The tornado that tore through an Oklahoma City suburb destroyed or damaged as many as 13,000 homes and may have caused $2 billion in overall damage, officials said Wednesday.
State authorities meanwhile said two infants were among the 24 people who perished in the twister.
Oklahoma Insurance Department spokeswoman Calley Herth told The Associated Press that the early monetary damage tally is based on visual assessments of the extensive disaster zone that stretches more than 17 miles and the fact that Monday’s tornado was on the ground for 40 minutes.
The financial cost of the tornado in Moore could be greater than the $2 billion in damage from the 2011 tornado that killed 161 people in Joplin, Mo., Herth said, adding that the Joplin twister left a smaller trail of destruction.
For the first time Wednesday, authorities provided a clearer accounting of the destruction.
Between 12,000 and 13,000 homes were destroyed or damaged and 33,000 people were affected in some way by the storm, said Oklahoma City Mayor Mick Cornett, speaking at a news conference. He also put the monetary damage estimate at between $1.5 billion to $2 billion.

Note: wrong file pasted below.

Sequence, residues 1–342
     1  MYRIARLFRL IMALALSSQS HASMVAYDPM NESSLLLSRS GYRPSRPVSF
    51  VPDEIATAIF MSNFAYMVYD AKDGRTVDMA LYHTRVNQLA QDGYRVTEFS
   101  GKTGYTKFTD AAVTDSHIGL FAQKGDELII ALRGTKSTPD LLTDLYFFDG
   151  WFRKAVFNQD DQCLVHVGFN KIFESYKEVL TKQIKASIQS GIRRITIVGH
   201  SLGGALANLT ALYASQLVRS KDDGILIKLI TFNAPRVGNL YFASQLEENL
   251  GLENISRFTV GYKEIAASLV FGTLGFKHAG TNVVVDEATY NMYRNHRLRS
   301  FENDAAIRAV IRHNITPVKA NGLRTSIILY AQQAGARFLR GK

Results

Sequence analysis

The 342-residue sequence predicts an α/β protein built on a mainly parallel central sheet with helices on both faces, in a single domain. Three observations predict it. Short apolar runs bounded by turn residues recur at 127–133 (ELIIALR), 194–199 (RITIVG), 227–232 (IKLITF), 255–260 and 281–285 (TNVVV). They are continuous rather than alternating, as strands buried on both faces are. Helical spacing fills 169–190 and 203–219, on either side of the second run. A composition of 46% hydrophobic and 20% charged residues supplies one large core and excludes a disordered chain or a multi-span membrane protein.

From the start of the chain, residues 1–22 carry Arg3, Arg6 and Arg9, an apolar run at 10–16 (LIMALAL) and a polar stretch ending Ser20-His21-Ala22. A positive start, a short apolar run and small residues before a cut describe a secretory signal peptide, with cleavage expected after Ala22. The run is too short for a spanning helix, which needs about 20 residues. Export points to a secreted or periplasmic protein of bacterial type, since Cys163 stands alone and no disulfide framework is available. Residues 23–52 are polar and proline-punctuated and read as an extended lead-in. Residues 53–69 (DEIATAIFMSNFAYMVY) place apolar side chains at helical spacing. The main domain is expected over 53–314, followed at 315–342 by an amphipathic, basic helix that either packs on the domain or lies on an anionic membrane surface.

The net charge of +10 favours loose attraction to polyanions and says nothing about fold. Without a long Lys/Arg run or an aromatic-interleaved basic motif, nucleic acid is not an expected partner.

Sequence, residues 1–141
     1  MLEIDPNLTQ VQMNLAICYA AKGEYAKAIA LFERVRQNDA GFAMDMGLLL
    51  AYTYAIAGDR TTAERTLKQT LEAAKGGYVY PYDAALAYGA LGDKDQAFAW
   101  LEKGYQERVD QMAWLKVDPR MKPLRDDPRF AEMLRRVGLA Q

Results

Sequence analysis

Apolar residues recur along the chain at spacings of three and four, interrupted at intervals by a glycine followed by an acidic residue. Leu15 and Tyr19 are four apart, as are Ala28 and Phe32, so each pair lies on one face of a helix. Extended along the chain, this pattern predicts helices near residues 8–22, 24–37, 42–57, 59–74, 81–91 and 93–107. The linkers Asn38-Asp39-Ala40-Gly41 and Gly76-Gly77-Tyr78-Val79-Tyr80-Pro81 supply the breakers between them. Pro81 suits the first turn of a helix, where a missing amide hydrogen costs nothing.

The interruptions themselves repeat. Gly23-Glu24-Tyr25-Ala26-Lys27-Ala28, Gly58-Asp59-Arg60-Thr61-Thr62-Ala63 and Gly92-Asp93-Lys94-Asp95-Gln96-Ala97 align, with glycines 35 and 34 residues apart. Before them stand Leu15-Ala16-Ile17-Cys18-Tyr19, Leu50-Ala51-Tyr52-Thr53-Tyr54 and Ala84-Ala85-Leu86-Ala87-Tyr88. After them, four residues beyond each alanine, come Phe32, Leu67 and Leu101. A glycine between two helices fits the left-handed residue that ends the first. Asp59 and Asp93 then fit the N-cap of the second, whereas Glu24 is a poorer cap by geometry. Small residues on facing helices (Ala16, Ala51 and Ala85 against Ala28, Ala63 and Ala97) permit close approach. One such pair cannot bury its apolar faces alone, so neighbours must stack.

Emergency officials were unable to put a figure on the number of people left homeless, because many people have been taken in by relatives and only a few dozen have stayed overnight at Red Cross shelters.
Six adults remain unaccounted for since the tornado, said Oklahoma Department of Emergency Management Director Albert Ashwood. It’s possible those people had just “walked off” their properties or could still be found in the rubble, Ashwood said.
Secretary of Homeland Security Janet Napolitano visited the area Wednesday, pledging the government’s support and urging people to register with the Federal Emergency Management Agency to see what aid they qualify for.
“We know that people are really hurting,” she said. “There’s a lot of recovery yet to do…. We will be here to stay until this recovery is complete. You have our commitment on that.” President Barack Obama plans to meet with victims and first responders, and view the destruction firsthand when he visits the area on Sunday, White House spokesman Jay Carney said.
The National Weather Service said the tornado was a top-of-the-scale EF5 twister with winds of at least 200 mph — the first EF5 tornado of 2013.
Dan Ramsey, president of the Independent Insurance Agents of Oklahoma, said a damage estimate in the low billions is “not surprising.”
“Certainly it’s in the hundreds of millions,” Ramsey said. “I suppose seeing projections from similar disasters, it could stretch to a billion” or more.